“Patchouli has been used for hundreds of years in Chinese, Ayurvedic, and Greek medicine to help with skin healing and to reduce surface inflammation,” Mack says. It’s ideal for soothing and healing skin irritation, soreness, and redness, Galper says, adding that it can treat skin irritations like bug bites. Simply mix it with a carrier oil and apply it to the affected area.
What do I need to keep in mind when using essential oils?
“Essential oils are generally considered safe to use,” Dr. Todorov says. Still, there are a few things to keep in mind when using them:
- Watch your dosage: “Always use small amounts,” Galper says. “They are strong.”
- Dilute your oil: That may mean adding it to a carrier oil like almond, grapeseed, avocado, or coconut oil, and generally using two percent dilution (so, 10 drops of oil per one ounce of carrier; five drops per one ounce if you have sensitive skin), Dr. Todorov says.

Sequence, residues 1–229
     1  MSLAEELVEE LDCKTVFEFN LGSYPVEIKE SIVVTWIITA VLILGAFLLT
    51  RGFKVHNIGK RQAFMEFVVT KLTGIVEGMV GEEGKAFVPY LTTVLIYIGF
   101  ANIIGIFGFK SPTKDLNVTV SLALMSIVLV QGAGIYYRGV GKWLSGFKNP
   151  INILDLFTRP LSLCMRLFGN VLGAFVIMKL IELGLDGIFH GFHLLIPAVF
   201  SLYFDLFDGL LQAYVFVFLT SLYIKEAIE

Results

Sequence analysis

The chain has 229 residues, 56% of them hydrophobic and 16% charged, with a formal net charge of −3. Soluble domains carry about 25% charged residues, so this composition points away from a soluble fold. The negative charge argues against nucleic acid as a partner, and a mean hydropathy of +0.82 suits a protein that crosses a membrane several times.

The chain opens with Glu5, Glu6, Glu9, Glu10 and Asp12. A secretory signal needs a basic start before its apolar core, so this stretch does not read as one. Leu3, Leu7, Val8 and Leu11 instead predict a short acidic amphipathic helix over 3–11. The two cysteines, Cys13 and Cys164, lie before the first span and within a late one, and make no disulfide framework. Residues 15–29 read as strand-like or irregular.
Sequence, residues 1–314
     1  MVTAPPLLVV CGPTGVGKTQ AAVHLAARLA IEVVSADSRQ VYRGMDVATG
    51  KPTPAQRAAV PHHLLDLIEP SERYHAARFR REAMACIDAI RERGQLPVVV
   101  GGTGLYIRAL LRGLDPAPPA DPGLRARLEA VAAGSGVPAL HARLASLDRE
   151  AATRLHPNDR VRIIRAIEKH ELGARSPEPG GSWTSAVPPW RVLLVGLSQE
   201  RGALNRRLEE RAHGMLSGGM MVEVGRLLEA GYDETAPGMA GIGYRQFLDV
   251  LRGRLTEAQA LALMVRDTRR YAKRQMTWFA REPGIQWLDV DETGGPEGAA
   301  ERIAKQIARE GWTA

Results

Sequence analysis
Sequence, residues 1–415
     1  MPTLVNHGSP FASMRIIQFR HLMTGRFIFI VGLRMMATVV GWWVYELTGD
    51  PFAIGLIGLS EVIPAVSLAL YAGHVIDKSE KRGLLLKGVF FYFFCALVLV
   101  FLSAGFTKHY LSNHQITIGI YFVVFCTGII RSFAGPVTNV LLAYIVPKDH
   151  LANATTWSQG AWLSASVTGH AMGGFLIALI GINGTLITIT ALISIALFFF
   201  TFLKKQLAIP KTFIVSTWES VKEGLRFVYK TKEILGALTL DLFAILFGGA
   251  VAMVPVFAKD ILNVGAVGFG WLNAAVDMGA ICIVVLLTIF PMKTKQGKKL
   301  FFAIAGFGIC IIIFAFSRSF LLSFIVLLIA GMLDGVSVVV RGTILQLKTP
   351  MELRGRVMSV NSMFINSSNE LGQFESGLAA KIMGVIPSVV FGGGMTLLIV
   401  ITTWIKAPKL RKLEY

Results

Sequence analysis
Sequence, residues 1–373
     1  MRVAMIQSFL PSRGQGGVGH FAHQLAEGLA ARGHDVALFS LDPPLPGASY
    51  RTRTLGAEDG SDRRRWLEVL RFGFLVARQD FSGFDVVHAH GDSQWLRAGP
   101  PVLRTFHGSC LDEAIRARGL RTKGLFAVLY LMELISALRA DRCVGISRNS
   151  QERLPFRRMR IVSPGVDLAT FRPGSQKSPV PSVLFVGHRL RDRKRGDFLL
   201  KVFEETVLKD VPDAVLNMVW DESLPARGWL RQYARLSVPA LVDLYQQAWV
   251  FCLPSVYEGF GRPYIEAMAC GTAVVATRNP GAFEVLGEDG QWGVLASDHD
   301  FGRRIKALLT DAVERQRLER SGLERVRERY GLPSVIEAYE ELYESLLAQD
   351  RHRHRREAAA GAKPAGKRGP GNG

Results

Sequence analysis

- Talk to your doctor if you’re pregnant or breastfeeding: Generally, it’s smart to make sure there are no potential side effects of using a given oil during this time, Dr. Todorov says.
- Be wary of the sun when using essential oils: Citrus oils in particular, like orange, grapefruit, lemon, and bergamot, can cause burns and blisters if you apply them to your skin and then go into the sun, Dr. Todorov says.
- Don’t touch your eyes after handling oils: Doing so could cause irritation, Dr. Todorov says.
In general, experts stress that essential oils won’t necessarily cure your inflammation—but, as Mack says, “they are merely a tool in your tool box to help and support.” And if you have any questions or concerns about using an oil for inflammation, talk to an integrative medicine specialist or an aromatherapist for guidance.